The cabinet of Japanese Prime Minister Shinzo Abe on 18 December formally approved a plan to spend JPY27.47 trillion (USD242.7 billion) on defence over the next five years, but hopes that this figure can be brought down by about JPY1.97 trillion through cost-cutting measures.
The government’s new defence policy outline, which runs from fiscal year 2019 (FY 2019) to FY 2023, features, among other things, the conversion of the Japan Maritime Self-Defense Force’s (JMSDF’s) two Izumo-class helicopter carriers into multirole aircraft carriers from which the short take-off and vertical landing (STOVL) Lockheed Martin F-35B Lightning II Joint Strike Fighter can be operated.
Approved on 18 December, the new National Defense Program Guidelines (NDPGs) and the associated Mid-Term Defense Plan (MTDP) also put a strong emphasis on three new defence domains – cyber, space, and electronic warfare (EW) – which are expected to form part of Japan’s new “multidimensional integrated defence force”.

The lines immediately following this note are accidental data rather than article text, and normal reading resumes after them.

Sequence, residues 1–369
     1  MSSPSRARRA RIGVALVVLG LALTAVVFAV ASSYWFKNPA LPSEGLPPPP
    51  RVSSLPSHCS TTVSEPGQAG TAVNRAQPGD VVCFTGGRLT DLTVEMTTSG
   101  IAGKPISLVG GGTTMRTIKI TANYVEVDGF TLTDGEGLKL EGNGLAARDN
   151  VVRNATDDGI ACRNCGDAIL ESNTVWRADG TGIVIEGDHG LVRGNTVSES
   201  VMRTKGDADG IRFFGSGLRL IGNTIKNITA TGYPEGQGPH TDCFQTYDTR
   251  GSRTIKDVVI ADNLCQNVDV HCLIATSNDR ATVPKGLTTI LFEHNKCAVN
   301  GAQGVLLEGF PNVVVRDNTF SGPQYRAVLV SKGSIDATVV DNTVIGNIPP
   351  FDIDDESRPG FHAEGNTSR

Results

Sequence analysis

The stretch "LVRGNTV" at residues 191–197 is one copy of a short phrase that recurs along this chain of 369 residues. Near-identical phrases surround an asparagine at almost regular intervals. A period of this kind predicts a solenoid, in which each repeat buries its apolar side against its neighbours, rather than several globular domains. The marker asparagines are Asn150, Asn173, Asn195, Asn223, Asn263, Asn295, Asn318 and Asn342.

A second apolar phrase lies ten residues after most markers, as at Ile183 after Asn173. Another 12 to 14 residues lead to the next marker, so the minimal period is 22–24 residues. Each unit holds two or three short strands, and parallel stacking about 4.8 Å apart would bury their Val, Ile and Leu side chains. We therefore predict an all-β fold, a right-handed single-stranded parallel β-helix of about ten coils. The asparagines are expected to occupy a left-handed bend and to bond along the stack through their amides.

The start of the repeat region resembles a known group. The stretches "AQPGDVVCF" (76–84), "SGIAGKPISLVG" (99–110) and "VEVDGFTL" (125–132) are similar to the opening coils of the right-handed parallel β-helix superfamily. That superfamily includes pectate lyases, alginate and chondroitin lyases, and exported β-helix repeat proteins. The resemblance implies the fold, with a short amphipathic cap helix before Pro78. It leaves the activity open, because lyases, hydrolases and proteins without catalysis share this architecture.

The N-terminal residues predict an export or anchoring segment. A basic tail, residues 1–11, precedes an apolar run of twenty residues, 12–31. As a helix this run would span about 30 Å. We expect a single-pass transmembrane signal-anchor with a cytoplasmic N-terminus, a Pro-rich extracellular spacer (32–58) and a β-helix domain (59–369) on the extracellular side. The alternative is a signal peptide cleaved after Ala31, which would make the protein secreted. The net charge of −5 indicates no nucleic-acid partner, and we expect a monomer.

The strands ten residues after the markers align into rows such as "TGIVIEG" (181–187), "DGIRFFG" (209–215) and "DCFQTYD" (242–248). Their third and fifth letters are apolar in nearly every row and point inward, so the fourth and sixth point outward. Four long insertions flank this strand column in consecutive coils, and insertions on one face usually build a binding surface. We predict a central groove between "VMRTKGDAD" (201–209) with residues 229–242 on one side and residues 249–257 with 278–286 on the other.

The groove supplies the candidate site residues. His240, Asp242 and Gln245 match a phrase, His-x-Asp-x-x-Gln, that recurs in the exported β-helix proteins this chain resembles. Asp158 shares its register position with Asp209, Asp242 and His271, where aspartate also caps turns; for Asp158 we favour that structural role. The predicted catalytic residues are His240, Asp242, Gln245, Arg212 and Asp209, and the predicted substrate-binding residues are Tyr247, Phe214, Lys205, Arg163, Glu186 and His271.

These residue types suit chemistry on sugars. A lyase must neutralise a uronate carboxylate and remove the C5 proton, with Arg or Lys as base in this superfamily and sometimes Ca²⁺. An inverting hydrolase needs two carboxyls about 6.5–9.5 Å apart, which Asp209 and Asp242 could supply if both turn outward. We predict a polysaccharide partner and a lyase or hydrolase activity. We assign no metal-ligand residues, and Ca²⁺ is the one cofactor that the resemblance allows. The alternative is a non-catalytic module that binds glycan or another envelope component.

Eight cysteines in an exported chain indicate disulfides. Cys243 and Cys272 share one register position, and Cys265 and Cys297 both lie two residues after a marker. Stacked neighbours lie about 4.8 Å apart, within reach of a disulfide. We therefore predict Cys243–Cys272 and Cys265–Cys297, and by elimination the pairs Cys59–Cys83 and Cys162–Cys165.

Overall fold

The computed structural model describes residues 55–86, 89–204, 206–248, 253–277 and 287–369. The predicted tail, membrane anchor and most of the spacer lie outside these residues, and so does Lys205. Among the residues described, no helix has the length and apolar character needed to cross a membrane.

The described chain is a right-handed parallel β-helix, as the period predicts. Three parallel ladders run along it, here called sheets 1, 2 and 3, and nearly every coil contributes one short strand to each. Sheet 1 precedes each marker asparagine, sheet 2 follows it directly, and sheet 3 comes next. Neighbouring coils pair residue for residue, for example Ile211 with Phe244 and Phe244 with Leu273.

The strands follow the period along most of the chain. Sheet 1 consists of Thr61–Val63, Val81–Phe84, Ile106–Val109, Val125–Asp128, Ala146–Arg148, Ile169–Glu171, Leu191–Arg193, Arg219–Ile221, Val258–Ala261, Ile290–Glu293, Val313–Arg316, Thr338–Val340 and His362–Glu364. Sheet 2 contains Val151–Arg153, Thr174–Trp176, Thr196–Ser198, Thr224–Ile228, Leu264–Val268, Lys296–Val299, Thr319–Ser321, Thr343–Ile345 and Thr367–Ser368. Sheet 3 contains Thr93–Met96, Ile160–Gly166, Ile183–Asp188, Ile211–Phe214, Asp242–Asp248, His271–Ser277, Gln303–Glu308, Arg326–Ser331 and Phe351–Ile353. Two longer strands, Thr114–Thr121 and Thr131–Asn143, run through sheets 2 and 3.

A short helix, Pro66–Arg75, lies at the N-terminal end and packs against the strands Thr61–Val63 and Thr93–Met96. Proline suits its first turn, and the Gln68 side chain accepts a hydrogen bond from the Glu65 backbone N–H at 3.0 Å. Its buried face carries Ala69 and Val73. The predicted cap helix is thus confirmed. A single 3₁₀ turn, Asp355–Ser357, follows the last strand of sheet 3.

Tokyo is seeking to implement a “cross-domain strategy” aimed at establishing superiority in the air, at sea, on land, and in outer space as well as in the domains of electronic warfare and cyberspace.
Government officials said at a press briefing that the Ministry of Defense (MoD) in Tokyo will buy an additional 63 conventional take-off and landing (CTOL) F-35As and 42 STOVL F-35Bs over the coming decade to replace 99 of the Japan Air Self-Defense Force’s (JASDF’s) 201 Boeing-Mitsubishi F-15J/DJ Eagle multirole combat aircraft. The new aircraft will supplement the 42 F-35As that the JASDF is acquiring to replace its ageing fleet of McDonnell Douglas-Mitsubishi F-4EJ Kai fighters.
Defence officials also pointed out that Japan will stop using a final assembly and check-out (FACO) facility for the country’s F-35As from FY 2019 and start buying completed F-35As and F-35Bs to reduce procurement costs.